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firngrrsaihr firirnha, HELD AT LONGWOOD, CHESTER COUNTY,



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ON First-day morning, the 18th of Fifth month, 1856,Tn1i Pussvnvasm YEARLY MEETING OF PROGRESSIVE 'annns convened in the meeting-house at Longwood, Chester County. The house was densely crowded, and hundreds, unable to get within the walls, remained on the adjoining grounds. Prayer was offered by J ossrn A. Deanne, alter which the Call issued by the Committee of Arrangements was read, as follows:

Upon the undersigned devolves the pleasant duty of inviting the friends of Truth, Purity, and Progress, without distinction of sect or name or nation, to attend the Focn'rn Aswan Coxvocarrox or Paoeanssrve FRIENDS, to be held in the meeting-house at Longwood, Chester 00., Pa., commencing on F irst~day, the eighteenth of Fifth month, 1856, at 10 o’clock, A. M., and continuing as long as circumstances may seem to require—probably for three days.

The Progressive Friends have no creed as abasis of association. Their object is not to build up a Sect, armed with ecclesiastical power, and endowed with authc'ity to define the boundaries of thought and restrain the freedom of speech and actidn, but to unite persons of every shade of theological opinion, in one SPIRIT OF Lon-2, to “ do good unto all men as the have opportunity," to cultivate in themselves whatsoever is pure, generous an ennobling; to worship God in the service of Humanity; to investigate those questions of individual and social duty, which the experiences of daily life and the conflicts of sects, parties, classes, and nationalities, are perpetually evolving; to vindicate the primordial rights of man, and plead the cause of the poor, the ignorant, the degraded, and the oppressed; to testify against those systems of popular wickedness which derive their support from a. false Church and a corrupt Government; to promote the cause of “pure and undefiled religion," by a firm resistance to the impositions of Church~craft and , Priest-craft; to elevate the standard of ublic morals, by teaching men to revere,

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,U as paramount to all human codes, the aw written by the finger of God in their

_ own minds and hearts; to exemplify the spirit of Universal Brotherhood, and to proclaim the evangel of “ Peace on earth, good will to men.”

All those who desire to co-operate with us, and these we represent, in this a work of beneficence and love, are earnestly invited to meet with us, at the time and place above named. Nay, more—in the language of the Hebrew prophet, we say, “ Whosoever WILL, let him come."

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JOSEPH A. DUGDALE congratulated the meeting in view of the propitious circumstances under which it had convened, and introduced SAMUEL J. MAY, minister of the Unitarian Church, Syracuse, New York, who read the following hymn, asking all who could do so, to unite with him in singing it:

Wmuz Thee I seek, protecting Power, In every joy that crowns my days,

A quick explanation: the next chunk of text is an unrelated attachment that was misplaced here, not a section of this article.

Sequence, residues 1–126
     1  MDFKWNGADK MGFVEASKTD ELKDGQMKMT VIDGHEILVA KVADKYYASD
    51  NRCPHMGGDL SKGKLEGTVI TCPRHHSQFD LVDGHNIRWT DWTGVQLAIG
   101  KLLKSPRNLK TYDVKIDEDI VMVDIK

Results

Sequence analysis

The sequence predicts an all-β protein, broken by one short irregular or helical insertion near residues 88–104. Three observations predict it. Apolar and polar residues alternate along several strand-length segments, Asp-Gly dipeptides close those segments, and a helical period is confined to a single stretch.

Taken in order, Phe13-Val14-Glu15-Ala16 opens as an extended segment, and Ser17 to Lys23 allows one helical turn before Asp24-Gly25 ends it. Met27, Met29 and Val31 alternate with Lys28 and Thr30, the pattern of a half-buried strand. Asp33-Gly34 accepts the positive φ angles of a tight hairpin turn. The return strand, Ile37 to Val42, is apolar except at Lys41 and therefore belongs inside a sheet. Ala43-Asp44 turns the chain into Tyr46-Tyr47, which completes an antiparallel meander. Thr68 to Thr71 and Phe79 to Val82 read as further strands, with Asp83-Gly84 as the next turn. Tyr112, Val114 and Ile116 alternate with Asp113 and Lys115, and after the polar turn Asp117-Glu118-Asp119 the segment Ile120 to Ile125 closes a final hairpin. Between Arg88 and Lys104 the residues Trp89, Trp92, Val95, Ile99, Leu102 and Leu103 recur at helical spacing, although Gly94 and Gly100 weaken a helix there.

Be my vain wishes stilled; In every pain I hear,

And may this consecrated hon! My heart shall find delight in praise,
With hotter hopes be filled. 0r seek relief in prayer.

Thy love the power of thought bestowed, When gladnes wings my favored hour,

To Thee my thoughts would soar; Thy love my thoughts shall flll;

Thy mercy o‘er my life hath flowed, Resigned, when storms of sorrow lower,
That mercy I adore. My soul shall meet Thy will.

In each event of life, how clear My lifted eye without a tear
Thy ruling hand I see, The gathering storm shall see;

Each blessing to my soul more dear, My steadfast heart will know no fear,
Because conferred by Thee. That heart shall rest on Thee.

After the singing, in which several friends joined, SAMUEL J. MAY delivered a very impressive discourse upon “FALSE loans or Goo AND HIS GOVERNMENT," which was heard with close attention and deep interest. LUCRETIA Mon also uttered an earnest testimony on the same subject.



JOSEPH A. DUGDALE, in view of the unusual amount of business upon the table and of his own feeble health, asked that OLIVER J Olmsox might be permitth to assist the Clerks in the discharge of their duties. The request was complied with. The meeting was then briefly addressed by W'ILLIAM LLOYD.

Epistles were read from the WATERLOO (N. Y.) and OHIO YEARLY MEETINGS or anxns or IIUMAN Paoonsss—bodies formed on principles the same as ours—and from the FRIENDS or Human Pnooasss in North Collins, Erie C0,, N. Y. These communications conveyed cheering intelligence of the progress of religious and social reform, and breathed a spirit of fraternal afl'ection and sympathy, which made them peculiarly welcome. EDWARD \Vsna, Rurmsnv \an, PHILENA HEALD, ELIZABETH Jscnson, LEA Poser, Parson.“ Bansaan, and Joan G. Jacxsox, were appointed a Committee to prepare replies.

Letters, expressing a warm interest in the objects of our association and a hearty concurrence in the anti-sectarian and progressive principles upon which it was formed, and containing messages of fraternal affection, were received from the following absent friends, fiz : ‘

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Grateful for the timely words of sympathy and counsel received from these beloved friends, the Meeting directed the Clerks to send to each of them a copy of its proceedings. The letters were referred to the Committee of Publication, with instructions to publish them, or such portions of them as they may deem advisable. '

The reading of these letters elicited remarks from DAvIn A. WASSON, (Minister of the Free Church in Groveland, Mass), LUCRETIA Mon, Eussmcs BARNARD, and E. FIsII.

Committees were appointed as follows :—

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